It takes five chapters to reintroduce Bruce Wayne’s doctor / potential romantic interest Dr. Shondra Kinsolving. She is not the most fleshed out of characters, but she’ll be somebody to talk about in a few volumes. This is also the point of the story where Scarecrow and Joker team up, which is a pairing that I really like and doesn’t actually happen very often. Mostly, they terrorize the Mayor to seize control of Gotham City and only briefly encounter Batman. The pace picks up after that, with a multi-part story that reintroduces Firefly – he hadn’t appeared in almost a decade but since appearing here he’s turned into a mainstay villain. Firefly keeps getting away so in between pyrotechnic encounters, Batman has to deal with Poison Ivy, Cornelius Stirk, and Cavalier (whose reintroduction did not take). It takes seven chapters for Jean-Paul Valley to rejoin the narrative, which is a nice move.
It was still possible to keep secrets in that time, so it was reasonable for readers to not know that Valley would take over as Batman. He probably seemed like a forgotten plot thread after not appearing for four months. Robin takes down the Riddler all by himself, and Batman faces Scarecrow and Joker and finally just snaps. There’s a remarkably scary sequence where he just keeps hitting Joker (and this is Aparo art – his Batman punches have weight) and chanting “Jason Todd!”, the name of the former Robin, the one the Joker killed. Joker and Scarecrow both escape but Batman rescues the Mayor.
And that gets us to the climax where Batman meets and defeats Bane’s henchmen and then he finally gets home to find Bane waiting for him in Wayne Manor. That actually was a great surprise. The final chapter in their book is that fight, but it’s genuinely Bane beating the hell out of Batman for a full issue. There’s something that could feel cheap about Bane waiting until Batman is at his lowest to even introduce himself, but I think it works. Given that Bane decided to hate Batman , it’s appropriate that there’s something very analytical about his approach. It’s like a supervillain version of Moneyball. He ran the numbers, and this is the way to do it. The encounter, and this volume, ends with Bane breaking Batman’s back, an iconic scene reproduced in Dark Knight Rises and the “Bane” episode of Batman: The Animated Series. (In the latter, he’s unsuccessful, but it gets right up to that knee in the spine moment.)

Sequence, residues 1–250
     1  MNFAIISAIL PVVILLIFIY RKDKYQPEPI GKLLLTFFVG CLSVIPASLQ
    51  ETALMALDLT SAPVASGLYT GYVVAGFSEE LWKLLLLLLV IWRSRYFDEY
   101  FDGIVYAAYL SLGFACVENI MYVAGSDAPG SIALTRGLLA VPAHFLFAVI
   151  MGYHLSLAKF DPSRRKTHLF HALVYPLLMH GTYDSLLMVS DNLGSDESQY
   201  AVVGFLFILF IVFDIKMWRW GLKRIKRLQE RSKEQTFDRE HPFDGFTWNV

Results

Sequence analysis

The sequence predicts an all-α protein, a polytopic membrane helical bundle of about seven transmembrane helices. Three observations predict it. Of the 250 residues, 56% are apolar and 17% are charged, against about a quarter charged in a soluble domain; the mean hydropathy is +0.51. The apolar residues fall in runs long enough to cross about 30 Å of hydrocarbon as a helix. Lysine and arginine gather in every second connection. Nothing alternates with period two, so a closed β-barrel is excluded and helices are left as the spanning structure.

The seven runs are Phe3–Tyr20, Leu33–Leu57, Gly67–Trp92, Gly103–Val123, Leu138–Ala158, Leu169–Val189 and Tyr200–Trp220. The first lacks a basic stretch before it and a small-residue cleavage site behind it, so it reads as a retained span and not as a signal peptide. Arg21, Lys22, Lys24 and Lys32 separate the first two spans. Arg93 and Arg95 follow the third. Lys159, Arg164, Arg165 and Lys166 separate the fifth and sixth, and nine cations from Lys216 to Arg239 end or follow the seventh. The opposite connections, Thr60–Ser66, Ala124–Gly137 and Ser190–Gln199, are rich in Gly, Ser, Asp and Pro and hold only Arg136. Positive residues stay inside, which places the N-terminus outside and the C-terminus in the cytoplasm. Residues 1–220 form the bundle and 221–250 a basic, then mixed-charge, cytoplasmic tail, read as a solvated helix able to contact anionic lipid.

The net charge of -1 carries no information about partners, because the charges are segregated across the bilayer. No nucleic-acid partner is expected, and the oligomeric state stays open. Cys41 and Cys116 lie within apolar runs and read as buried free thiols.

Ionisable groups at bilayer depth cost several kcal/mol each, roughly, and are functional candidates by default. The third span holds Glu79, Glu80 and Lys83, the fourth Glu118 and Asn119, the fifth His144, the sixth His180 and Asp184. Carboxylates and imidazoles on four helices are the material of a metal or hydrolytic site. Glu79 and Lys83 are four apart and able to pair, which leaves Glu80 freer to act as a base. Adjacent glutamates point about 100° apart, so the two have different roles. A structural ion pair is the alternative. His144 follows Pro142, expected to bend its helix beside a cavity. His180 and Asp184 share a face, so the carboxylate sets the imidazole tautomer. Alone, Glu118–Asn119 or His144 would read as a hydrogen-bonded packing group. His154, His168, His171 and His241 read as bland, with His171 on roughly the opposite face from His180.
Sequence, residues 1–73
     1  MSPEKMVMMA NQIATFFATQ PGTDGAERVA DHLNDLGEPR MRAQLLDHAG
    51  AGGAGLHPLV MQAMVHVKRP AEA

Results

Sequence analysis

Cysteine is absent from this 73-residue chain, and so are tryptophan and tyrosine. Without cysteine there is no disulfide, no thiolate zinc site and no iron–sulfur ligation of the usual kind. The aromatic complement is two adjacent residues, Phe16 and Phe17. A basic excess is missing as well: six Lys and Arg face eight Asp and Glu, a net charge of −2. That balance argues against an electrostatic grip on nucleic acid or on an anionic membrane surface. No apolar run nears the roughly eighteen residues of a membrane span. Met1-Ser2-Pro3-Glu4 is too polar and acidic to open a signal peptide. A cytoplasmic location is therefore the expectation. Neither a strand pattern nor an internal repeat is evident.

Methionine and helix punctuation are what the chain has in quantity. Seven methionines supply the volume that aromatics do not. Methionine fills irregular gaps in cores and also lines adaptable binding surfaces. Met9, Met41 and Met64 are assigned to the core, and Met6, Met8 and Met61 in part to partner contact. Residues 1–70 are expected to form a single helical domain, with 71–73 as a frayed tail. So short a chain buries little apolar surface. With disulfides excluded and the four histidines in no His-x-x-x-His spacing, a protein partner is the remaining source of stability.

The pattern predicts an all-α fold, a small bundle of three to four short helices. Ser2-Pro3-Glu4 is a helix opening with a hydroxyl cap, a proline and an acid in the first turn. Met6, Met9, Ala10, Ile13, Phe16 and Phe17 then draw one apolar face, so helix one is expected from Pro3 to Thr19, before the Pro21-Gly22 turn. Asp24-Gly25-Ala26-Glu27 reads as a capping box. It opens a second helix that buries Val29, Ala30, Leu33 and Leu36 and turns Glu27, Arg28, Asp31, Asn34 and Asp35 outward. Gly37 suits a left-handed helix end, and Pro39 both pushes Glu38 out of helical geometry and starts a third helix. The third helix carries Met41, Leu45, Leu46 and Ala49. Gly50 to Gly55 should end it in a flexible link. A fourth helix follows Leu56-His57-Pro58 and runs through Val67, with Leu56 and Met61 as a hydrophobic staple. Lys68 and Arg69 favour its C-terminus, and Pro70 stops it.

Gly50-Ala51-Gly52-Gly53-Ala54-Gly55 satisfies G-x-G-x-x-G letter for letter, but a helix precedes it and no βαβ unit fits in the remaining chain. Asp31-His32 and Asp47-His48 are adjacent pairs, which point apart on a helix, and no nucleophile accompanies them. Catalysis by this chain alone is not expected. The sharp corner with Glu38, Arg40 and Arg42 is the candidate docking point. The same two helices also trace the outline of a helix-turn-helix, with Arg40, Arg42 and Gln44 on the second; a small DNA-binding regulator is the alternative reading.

This volume holds up surprisingly well. Look. “Knightfall” was good. We’re going to run into some clunkers later, but the main story was good. At the time, it seemed like a very long story about Batman wearing down and then getting beaten, and that was definitely frustrating, but as a collection with full knowledge that Batman came back from that, it reads really well.
Reading it now, the thing that stands out is that Dick Grayson is completely absent. His series hadn’t launched yet, either. The way I remember it, Dick had been kind of marginalized for a few years to the extent that it was a big deal when Nightwing turned up. But for the purposes of this story, if he’s around, there’s no reasonable excuse to have Jean-Paul take over as Batman.
Next time, we’ll answer the age old question: “What if Wolverine and the Punisher were the same guy and also Batman?” It is going to get very nineties up in here. And for a little context, we’ll also get into “What were they thinking?”